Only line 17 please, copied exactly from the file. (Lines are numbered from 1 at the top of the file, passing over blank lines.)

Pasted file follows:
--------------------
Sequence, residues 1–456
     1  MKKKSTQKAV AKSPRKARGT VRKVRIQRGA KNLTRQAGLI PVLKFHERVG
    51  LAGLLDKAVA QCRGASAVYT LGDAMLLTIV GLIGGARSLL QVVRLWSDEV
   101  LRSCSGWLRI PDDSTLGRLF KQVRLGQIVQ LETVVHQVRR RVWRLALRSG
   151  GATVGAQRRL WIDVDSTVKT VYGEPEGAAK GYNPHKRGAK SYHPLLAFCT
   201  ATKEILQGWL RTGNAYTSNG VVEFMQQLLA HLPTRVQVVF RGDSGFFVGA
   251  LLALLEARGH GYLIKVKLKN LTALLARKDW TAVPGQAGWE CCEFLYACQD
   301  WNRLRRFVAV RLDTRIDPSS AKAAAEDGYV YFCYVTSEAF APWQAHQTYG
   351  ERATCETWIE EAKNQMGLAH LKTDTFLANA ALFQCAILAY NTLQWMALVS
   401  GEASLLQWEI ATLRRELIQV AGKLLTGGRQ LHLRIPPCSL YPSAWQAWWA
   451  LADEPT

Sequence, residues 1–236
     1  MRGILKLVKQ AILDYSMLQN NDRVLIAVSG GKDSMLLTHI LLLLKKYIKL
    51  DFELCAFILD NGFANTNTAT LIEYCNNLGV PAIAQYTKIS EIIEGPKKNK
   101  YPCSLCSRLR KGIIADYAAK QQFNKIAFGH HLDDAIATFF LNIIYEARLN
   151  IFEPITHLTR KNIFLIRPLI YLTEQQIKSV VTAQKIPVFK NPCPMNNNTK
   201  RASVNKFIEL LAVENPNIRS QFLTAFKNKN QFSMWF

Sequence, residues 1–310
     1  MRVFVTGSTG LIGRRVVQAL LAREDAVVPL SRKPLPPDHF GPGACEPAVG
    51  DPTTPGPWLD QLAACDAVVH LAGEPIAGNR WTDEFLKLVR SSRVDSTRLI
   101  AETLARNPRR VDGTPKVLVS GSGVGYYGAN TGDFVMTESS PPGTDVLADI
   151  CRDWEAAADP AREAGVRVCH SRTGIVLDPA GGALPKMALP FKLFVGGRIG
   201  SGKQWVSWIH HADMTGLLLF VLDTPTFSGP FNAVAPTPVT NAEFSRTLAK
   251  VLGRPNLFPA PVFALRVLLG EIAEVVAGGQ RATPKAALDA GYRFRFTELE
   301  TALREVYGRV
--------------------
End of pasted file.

   201  RASVNKFIEL LAVENPNIRS QFLTAFKNKN QFSMWF